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British slave trader’s statue toppled in race protests

British protesters tore down the statue of a renowned slave trader and threw it in the harbour on the second day of weekend protests against George Floyd’s death.

(COMBO) This combination of pictures created on June 07, 2020 shows protesters pulling down a statue of slave trader Edward Colston in Bristol, England, during a demonstration organised to show solidarity with the Black Lives Matter movement
(COMBO) This combination of pictures created on June 07, 2020 shows protesters pulling down a statue of slave trader Edward Colston in Bristol, England, during a demonstration organised to show solidarity with the Black Lives Matter movement

Footage shot by a witness showed a few dozen people tie a rope around the neck of Edward Colston’s statue and bring it to the ground in the southwestern city of Bristol.

They then stomped on it for a few minutes before carrying it and shoving it into the harbour with a great cheer.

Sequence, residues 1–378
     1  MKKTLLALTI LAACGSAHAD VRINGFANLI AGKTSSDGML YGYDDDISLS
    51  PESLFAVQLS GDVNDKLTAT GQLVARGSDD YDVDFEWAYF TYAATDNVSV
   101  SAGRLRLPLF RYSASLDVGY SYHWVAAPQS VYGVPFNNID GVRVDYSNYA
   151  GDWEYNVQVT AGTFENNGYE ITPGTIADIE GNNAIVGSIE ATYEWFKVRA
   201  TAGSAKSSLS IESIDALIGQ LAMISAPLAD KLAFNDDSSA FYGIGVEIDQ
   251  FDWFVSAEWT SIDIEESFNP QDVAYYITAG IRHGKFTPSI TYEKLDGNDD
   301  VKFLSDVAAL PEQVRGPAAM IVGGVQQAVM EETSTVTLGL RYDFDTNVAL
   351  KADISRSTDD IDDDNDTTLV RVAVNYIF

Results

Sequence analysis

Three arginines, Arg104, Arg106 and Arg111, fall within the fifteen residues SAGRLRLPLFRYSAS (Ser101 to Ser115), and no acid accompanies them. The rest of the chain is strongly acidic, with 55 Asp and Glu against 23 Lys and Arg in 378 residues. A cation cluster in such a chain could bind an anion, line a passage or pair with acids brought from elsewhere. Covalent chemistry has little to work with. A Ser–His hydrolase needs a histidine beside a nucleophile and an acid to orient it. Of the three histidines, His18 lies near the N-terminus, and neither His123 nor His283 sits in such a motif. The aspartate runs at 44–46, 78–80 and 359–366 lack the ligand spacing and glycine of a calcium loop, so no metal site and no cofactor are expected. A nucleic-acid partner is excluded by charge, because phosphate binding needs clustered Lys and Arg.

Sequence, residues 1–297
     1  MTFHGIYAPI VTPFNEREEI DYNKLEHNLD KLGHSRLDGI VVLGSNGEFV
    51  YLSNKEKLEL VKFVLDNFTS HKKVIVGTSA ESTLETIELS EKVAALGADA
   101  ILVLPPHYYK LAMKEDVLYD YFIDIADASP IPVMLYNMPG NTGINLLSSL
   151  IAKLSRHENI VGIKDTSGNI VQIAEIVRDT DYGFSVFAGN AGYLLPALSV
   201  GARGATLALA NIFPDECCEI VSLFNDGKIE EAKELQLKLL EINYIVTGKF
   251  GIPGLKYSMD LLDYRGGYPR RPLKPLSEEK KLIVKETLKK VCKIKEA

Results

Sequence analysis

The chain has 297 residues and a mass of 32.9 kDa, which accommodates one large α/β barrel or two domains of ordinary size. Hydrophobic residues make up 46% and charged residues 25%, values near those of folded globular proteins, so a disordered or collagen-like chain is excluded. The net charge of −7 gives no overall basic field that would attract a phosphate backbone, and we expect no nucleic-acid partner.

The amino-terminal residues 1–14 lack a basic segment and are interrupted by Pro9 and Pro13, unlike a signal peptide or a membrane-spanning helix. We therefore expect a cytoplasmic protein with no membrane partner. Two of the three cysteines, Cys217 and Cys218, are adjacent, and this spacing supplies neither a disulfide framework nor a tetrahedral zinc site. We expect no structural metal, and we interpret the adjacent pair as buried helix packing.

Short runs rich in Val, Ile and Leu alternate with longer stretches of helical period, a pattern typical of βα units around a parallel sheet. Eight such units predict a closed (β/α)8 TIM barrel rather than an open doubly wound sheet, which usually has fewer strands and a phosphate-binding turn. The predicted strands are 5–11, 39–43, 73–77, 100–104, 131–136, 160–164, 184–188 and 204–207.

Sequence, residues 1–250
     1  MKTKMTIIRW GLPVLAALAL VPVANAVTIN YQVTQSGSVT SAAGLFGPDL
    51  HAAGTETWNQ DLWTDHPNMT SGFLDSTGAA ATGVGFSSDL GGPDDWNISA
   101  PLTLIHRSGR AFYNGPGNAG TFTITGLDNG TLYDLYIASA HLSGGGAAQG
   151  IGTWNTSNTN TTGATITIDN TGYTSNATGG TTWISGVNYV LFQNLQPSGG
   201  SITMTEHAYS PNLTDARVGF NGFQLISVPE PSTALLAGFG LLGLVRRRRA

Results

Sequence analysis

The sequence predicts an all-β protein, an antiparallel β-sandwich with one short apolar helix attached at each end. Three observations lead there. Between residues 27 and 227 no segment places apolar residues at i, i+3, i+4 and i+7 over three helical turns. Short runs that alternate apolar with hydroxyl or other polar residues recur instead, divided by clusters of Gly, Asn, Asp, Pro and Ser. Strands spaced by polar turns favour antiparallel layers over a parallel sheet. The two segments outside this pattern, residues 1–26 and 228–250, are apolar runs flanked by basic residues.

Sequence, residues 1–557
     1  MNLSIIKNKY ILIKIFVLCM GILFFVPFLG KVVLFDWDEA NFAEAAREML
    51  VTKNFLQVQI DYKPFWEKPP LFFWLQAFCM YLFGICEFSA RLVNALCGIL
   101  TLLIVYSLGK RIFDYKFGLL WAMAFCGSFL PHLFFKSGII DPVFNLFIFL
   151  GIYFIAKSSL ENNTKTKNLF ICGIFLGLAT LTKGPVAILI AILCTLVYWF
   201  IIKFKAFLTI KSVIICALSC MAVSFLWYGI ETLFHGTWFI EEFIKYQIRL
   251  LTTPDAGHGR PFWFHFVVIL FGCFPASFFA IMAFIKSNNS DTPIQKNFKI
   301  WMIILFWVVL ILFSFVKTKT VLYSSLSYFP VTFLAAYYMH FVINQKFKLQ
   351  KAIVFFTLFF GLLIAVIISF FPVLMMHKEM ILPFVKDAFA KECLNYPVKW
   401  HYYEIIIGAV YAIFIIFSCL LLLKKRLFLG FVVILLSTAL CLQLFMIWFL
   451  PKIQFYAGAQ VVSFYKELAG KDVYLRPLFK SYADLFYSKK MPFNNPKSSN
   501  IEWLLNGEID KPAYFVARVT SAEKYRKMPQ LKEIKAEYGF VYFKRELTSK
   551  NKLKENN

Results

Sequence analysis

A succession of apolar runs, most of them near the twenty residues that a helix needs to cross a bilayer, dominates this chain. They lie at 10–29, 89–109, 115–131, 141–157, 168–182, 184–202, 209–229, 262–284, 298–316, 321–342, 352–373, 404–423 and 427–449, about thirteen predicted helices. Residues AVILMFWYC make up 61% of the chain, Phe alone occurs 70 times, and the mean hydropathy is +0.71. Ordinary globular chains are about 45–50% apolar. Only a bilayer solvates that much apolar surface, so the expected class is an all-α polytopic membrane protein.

Colston’s face got splashed with red paint at one point.

“Today I witness history,” eye witness William Want tweeted.

“The statue of Edward Colston, a Bristol slave trader, was torn down, defaced, and thrown in the river. #BlackLivesMatter.”

But Home Secretary Priti Patel called the toppling “utterly disgraceful” and the local police department promised to carry out an investigation.

Local police chief Andy Bennett said around 10,000 people attended the city’s “Black Lives Matter” demonstration.

“The vast majority of those who came to voice their concerns about racial inequality and injustice did so peacefully and respectfully,” he said.

“However, there was a small group of people who clearly committed an act of criminal damage in pulling down a statue near Bristol Harbourside.”

Colston grew up in a wealthy merchant family and became a member of the British parliament before his death in 1721.

He developed a reputation as a philanthropist who donated to charitable causes such as schools and hospitals in Bristol and London.

His statue stood on Bristol’s Colston’s Avenue. The city also has a school named in his honour.

Britons have joined a wave of global race protests this weekend over the death of Floyd during a police arrest. AFP

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